Reports Suggest Dorsey Likely To Remain Twitter CEO

Chris CrumBusiness, Featured

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Last week, Twitter announced that CEO Dick Costolo is stepping down on July 1. The official word is that co-founder and original CEO Jack Dorsey, who is also the CEO of Square, will return to the role in the interim while Twitter's board conducts a search for a permanent replacement.

Based on responses Dorsey gave to questions about the subject, it sounded as if the interim part could potentially be dropped. When asked by multiple news outlets whether he might become the permanent CEO, he would not just come out and say no. He repeatedly sidestepped these questions, seemingly indicating that it's not out of the question.

Since then, more reports have come out implying that not only it is possible that Dorsey will return as permanent Twitter CEO, but that it's most likely to be the case. Business Insider literally says, "Jack Dorsey is the only person who can be Twitter's next CEO."

BI's Jay Yarow, who interviewed both Dorsey and Costolo after the announcement, says he believes the interim title will be dropped by the end of the year because he believes Dorsey wants to be full-time CEO of Twitter. He also cites a New York Times article reporting that "people with knowledge of his thinking" say Dorsey has wanted to return to run Twitter since he was ousted in 2008.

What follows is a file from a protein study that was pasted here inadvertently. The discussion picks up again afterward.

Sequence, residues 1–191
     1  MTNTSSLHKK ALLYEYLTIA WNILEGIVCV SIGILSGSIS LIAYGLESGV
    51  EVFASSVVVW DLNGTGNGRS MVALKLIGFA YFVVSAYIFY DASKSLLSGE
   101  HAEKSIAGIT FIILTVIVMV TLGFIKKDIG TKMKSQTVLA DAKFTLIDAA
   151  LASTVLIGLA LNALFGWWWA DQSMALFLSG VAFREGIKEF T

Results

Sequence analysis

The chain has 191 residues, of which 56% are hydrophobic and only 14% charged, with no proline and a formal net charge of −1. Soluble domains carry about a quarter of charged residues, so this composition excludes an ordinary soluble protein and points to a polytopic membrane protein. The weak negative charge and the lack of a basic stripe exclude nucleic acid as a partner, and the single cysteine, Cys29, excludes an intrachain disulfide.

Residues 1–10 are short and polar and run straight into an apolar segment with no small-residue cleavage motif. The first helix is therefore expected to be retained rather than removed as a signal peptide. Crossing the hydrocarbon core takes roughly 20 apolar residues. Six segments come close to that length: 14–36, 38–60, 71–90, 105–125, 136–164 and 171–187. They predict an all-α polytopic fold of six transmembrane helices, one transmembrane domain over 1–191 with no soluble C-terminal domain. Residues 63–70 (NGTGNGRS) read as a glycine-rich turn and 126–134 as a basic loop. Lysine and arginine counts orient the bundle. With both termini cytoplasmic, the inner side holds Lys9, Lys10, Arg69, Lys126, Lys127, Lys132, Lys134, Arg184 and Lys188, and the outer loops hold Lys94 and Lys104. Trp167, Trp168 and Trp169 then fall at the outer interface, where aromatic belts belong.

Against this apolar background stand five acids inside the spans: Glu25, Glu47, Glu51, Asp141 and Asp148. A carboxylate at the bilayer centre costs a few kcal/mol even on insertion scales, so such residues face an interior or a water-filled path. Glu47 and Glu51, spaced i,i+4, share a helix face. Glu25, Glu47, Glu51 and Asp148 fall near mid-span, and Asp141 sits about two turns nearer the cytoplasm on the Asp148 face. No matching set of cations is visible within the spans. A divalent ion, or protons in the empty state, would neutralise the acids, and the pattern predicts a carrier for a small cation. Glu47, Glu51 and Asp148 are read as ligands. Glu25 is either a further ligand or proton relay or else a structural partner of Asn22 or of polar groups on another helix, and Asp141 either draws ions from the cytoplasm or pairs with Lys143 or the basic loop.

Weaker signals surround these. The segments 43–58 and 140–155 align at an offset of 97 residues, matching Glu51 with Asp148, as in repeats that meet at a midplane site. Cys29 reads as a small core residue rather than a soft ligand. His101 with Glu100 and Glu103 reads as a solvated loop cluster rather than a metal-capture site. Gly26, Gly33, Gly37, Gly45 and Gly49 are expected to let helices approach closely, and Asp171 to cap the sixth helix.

Yarow also makes the case that Square could be handed off to one of its insiders relatively easy and that Dorsey is said to find running a payments company boring. There's no way to know if there's really any truth to this, but that's apparently what the grapevine is saying.

Henry Blodget claims to know "what's really going on" and that "Twitter's CEO search is pretty much a sham."

The article essentially makes the case that the CEO search is really just to give Dorsey a trial period, so they can figure out if they really think he's right for the job, and if not, they don't lose face when they decide to go a different direction, all the while, giving Dorsey a chance to figure out if he wants to try to run both companies and/or to figure out what to do about Square if he takes over permanently at Twitter.

The thinking is that Dorsey is the best person to help with the consumer-facing part of Twitter, which has been its biggest problem. User growth just hasn't been coming fast enough, and he could be the right person to change that.

Of course the whole thing could also lead to the board finding someone else it likes better. There's been a lot of talk about Adam Bain, who leads revenue and partnerships. There's also been talk of Twitter potentially getting acquired.

Image via Wikimedia Commons

Chris Crum
Chris Crum has been a part of the WebProNews team and the iEntry Network of B2B Publications since 2003. Follow Chris on Twitter, on StumbleUpon, on Pinterest and/or on Google: +Chris Crum.